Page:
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It is sure to be a soccer quiz question in years to come: “Which Barcelona player scored twice in their 8-2 defeat by Bayern Munich in the Champions League quarter-finals of 2019/20?” The answer, of course, is Philippe Coutinho, whose two goals came while wearing a Bayern shirt towards the end of a season-long loan with the giants of the German game.
It was a particularly embarrassing moment in an all-round ignominious defeat for Barcelona. The weeks that followed were not much better for the club, who have retained the services of Lionel Messi only because the Argentinian did not want to force through an exit via the courtroom. Ronald Koeman has been appointed as manager, seemingly more for his credentials as a former Barcelona player than his coaching achievements, and Luis Suarez looks set to join Juventus before the transfer window closes next month.
It is safe to say that Barcelona’s preparation for the 2020/21 campaign has been less than ideal, but the last few weeks have been kinder to Coutinho. Despite his contribution to their Champions League triumph, Bayern Munich opted against making his loan move permanent at the end of the last term. Links with Arsenal appeared but quickly faded, despite reports in Spain and England suggesting that Coutinho was keen to return to the Premier League, where he had previously built his reputation with Liverpool.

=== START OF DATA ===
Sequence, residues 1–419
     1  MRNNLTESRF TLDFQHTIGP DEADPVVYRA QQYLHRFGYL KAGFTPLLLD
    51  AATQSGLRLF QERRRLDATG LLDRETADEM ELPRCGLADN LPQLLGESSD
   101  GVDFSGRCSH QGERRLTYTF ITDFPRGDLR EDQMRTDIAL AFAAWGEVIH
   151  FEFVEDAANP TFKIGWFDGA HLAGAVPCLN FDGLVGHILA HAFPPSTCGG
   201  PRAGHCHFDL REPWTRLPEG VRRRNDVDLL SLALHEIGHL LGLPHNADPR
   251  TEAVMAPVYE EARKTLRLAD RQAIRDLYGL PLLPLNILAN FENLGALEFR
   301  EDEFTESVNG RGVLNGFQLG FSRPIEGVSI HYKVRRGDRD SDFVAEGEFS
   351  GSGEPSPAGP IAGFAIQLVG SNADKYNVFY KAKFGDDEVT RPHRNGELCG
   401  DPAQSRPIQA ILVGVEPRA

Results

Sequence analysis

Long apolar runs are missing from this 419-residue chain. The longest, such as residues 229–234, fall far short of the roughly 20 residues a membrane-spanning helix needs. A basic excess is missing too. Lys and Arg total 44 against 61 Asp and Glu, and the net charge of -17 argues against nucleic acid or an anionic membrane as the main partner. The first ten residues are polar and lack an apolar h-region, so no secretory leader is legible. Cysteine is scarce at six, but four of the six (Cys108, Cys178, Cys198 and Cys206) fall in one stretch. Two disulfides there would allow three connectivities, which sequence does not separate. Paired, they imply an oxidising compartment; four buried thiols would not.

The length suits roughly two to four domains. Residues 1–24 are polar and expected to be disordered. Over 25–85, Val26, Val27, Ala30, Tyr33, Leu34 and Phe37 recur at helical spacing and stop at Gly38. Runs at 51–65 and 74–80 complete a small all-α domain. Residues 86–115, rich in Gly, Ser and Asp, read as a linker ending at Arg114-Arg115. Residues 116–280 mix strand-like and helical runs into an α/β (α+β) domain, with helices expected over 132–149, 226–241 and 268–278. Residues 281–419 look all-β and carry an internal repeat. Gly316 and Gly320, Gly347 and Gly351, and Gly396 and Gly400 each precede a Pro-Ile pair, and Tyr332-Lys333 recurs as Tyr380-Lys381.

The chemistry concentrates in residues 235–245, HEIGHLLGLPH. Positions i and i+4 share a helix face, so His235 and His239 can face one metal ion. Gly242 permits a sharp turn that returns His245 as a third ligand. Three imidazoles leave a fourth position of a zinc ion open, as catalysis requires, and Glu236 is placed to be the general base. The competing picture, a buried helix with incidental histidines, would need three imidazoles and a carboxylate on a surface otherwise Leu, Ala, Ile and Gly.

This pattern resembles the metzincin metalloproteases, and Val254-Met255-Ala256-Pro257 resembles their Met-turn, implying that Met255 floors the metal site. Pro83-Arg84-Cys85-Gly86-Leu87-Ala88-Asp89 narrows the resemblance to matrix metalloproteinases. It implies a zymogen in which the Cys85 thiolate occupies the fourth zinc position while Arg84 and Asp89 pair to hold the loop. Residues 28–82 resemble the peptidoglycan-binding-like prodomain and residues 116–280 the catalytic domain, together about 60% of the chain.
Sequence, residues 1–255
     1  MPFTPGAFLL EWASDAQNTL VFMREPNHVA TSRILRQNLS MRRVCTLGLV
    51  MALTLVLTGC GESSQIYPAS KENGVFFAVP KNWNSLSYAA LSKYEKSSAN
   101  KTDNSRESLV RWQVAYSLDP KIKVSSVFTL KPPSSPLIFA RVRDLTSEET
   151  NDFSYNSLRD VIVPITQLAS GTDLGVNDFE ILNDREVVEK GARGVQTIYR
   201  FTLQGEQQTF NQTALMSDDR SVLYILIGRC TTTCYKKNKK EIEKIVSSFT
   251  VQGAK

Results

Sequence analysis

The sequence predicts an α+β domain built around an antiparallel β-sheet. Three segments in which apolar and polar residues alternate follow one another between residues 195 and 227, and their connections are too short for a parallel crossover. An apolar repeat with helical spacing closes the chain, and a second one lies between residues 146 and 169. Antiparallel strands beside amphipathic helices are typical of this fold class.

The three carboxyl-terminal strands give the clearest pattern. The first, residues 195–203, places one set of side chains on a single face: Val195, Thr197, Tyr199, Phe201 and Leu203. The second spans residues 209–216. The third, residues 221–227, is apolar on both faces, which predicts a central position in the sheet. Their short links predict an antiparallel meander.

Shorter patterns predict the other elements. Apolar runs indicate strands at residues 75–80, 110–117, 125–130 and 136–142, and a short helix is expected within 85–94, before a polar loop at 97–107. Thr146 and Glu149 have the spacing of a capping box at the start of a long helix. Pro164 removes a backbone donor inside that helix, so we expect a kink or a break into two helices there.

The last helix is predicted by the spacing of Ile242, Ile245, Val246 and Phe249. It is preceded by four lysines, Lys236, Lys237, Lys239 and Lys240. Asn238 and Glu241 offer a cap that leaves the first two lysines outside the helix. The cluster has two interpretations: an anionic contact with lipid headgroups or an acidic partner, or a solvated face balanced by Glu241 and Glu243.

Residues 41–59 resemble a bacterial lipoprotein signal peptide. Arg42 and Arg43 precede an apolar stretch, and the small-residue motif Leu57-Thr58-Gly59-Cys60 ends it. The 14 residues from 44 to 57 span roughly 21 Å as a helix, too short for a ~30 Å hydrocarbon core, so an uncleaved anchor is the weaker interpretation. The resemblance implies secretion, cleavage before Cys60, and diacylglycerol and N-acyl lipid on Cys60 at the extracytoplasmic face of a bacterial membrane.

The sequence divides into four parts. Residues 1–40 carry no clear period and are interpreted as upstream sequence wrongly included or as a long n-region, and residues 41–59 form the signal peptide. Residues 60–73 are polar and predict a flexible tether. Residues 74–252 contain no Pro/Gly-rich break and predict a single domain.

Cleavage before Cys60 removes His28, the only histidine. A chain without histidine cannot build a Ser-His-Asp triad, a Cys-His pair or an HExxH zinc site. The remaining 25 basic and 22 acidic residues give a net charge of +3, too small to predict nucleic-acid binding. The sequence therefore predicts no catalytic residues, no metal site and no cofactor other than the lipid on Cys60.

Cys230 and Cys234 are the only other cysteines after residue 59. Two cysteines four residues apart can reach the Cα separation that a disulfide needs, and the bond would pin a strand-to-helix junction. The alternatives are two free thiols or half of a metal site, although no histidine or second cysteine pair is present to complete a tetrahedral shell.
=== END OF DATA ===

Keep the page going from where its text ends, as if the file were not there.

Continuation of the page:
However, unless something changes drastically in the next three weeks, Coutinho’s short-term future lies at the Camp Nou. Koeman has decided to give the Brazil international one more chance to make his mark in Catalonia, and the man himself has still not given up hope of becoming an important player for the club who paid an initial £105 million for his services back in January 2018.
That deal was celebrated by Barcelona at the time, but the last two-and-a-half years have shown that Liverpool were the real winners. Barca seemingly signed Coutinho as a long-term replacement for Andres Iniesta, but although he occasionally played in a deeper role during the latter part of his time at Liverpool, Coutinho has never been a true midfield player.